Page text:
The 5 C’s of EdTech
Ministries of Education and funding stakeholders in education have had ICT in education policies for some time with the ultimate aim of improving learning outcomes at scale. The practical manifestation of that has typically translated to initiatives that contain some combination of what we may term the “five Cs” of large-scale EdTech implementation:
- Capacity Building
But are the five C’s fit for purpose?
An OECD report into ICT-based education initiatives suggests that the impact of these efforts on moving the learning dial is limited when restricted to the five C’s. To date, even for countries that have invested heavily in ICT for education programmes, there has been no perceivable improvement in PISA results for reading, mathematics or science. Despite the evidence available, we see the prevalence of programme designs coming out of ministries of education and other stakeholder groups that predictably result in mixed learning outcomes.
Whizz has debated the limitations of the five C’s with our partners, Avanti, who have pioneered the exploitation of satellite broadband provision to facilitate learning experiences in remote and hard to reach locations in East Africa and other regions.
Here we share some of our experiences on what more is needed to ensure lasting educational impact through ICT.
Overview of the challenge
In some cases, just the first C, computers, have been deployed with the misguided expectation that equipment alone will drive results. The example of Kenya is pertinent. Their recent change in their Digital Learning Programme has seen tablets, armed with digital content, delivered to schools nationwide, attract utilisation rates as low as 5%. Even with the noble intentions and significant investment, the provision of ICT equipment to overcome issues of access is not enough to increase learning. To their credit, the government is evaluating the results and is seeking to adapt its programme with the aim of improving outcomes learning on a national scale.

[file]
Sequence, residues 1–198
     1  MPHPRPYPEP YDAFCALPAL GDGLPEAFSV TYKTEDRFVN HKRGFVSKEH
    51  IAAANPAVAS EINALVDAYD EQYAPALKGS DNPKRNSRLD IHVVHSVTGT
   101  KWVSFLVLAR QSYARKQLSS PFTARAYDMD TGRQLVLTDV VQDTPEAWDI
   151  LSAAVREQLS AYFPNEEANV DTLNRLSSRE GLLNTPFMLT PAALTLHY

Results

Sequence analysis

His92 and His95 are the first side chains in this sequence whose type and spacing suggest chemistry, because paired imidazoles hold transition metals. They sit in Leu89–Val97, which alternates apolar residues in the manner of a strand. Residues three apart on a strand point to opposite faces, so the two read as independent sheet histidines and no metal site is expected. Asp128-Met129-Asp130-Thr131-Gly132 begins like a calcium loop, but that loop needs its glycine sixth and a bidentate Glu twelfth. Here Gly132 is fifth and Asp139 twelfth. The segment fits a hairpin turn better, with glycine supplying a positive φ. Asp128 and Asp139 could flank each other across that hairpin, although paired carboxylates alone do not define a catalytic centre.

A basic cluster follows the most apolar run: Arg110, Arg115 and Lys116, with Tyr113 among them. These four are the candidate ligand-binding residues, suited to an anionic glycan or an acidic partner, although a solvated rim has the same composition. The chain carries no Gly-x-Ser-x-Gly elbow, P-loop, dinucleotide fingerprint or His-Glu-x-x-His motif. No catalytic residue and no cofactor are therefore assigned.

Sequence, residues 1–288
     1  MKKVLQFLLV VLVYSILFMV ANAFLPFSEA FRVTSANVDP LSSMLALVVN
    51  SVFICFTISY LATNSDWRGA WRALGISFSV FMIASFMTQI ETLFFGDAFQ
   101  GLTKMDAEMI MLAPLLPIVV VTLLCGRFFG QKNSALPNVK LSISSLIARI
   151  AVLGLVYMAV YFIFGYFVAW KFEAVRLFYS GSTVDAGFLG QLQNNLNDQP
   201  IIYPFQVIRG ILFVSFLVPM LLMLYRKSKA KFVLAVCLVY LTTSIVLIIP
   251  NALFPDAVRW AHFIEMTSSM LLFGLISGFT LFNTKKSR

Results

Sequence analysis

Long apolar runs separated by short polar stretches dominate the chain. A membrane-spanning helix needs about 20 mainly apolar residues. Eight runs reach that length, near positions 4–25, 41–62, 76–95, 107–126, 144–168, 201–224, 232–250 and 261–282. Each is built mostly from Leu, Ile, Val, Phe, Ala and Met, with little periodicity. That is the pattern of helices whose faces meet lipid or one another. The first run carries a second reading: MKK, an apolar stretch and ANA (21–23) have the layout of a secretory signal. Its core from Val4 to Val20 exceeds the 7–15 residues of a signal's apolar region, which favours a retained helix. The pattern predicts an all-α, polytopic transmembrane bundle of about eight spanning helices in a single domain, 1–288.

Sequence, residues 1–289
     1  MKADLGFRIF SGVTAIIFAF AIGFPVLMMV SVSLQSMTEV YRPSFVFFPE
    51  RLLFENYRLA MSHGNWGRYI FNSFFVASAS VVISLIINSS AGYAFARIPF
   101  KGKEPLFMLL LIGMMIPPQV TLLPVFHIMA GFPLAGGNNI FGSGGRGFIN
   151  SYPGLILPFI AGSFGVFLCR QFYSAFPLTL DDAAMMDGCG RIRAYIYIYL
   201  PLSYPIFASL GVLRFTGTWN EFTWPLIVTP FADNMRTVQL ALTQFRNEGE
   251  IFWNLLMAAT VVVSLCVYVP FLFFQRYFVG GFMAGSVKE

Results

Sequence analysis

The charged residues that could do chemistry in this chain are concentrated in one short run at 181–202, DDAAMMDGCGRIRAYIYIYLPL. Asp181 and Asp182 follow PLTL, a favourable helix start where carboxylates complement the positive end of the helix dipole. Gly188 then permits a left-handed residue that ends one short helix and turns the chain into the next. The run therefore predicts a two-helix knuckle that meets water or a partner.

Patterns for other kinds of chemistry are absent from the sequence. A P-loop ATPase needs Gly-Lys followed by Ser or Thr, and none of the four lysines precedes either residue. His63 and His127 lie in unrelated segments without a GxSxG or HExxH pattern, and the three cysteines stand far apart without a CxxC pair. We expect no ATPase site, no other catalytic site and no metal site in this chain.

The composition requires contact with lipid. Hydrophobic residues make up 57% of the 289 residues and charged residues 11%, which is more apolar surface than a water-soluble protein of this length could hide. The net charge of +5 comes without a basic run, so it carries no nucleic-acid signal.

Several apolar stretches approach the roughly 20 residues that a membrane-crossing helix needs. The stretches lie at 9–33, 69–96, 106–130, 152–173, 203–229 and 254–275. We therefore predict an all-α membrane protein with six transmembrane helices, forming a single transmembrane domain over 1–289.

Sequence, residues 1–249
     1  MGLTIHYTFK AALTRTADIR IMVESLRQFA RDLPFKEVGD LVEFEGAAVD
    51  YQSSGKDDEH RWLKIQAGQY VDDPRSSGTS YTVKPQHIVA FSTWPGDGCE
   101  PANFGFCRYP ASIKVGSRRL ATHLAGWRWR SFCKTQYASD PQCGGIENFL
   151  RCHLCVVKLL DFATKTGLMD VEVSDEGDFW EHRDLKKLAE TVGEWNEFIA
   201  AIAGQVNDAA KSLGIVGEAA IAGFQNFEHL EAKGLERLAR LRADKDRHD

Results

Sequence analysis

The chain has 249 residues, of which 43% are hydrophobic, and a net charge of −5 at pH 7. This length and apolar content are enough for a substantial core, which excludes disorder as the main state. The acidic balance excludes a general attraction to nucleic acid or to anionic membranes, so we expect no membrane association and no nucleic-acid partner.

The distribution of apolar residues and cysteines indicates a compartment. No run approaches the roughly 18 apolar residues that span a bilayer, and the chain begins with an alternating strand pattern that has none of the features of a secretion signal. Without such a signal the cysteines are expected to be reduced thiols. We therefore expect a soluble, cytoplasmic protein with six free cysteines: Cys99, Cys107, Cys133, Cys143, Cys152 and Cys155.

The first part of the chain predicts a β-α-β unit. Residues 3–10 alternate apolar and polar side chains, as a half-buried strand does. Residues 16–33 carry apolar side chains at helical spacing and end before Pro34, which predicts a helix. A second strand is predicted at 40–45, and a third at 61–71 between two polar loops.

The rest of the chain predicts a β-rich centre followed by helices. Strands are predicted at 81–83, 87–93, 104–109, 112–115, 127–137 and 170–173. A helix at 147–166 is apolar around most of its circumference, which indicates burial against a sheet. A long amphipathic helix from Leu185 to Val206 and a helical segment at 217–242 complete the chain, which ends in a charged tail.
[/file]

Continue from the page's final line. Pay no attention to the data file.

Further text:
Increasingly, there is recognition of the need for programmes that will ensure every child, regardless of background, can reach a baseline level of learning proficiency in reading and mathematics to secure them equal opportunities in a digital world. There are encouraging signs of ministries, in conjunction with education stakeholders, deploying IT infrastructure as a priority, building capacity and engaging local partners to supply connectivity so that the wealth of internet resources (with content provided by local curriculum authorities) can be harnessed. Even with this investment, however, achieving meaningful learning gains in learning outcomes at scale remains elusive. So what more can be done?
Instead of perpetuating the delivery of generic content, which teachers have been able to do in front of class for as long as schools have been around, ICT for learning programmes should enable customised content, where each individual learner receives a personalised learning experience that caters to their individual needs and pace of learning throughout their education. Teachers with thirty plus students and forty-five minutes in a class cannot cater to each child’s individual learning needs consistently on their own. It is here that adaptive learning and virtual tutors can be leveraged by teachers. There are already examples of such platforms showing promising results (see Whizz’s Proof Pack).
Even with this in place, our experience has shown that the addition of customised content does not automatically result in effective large-scale implementation. This is where the sixth C comes in, which I believe is a game-changer for ICT in Education.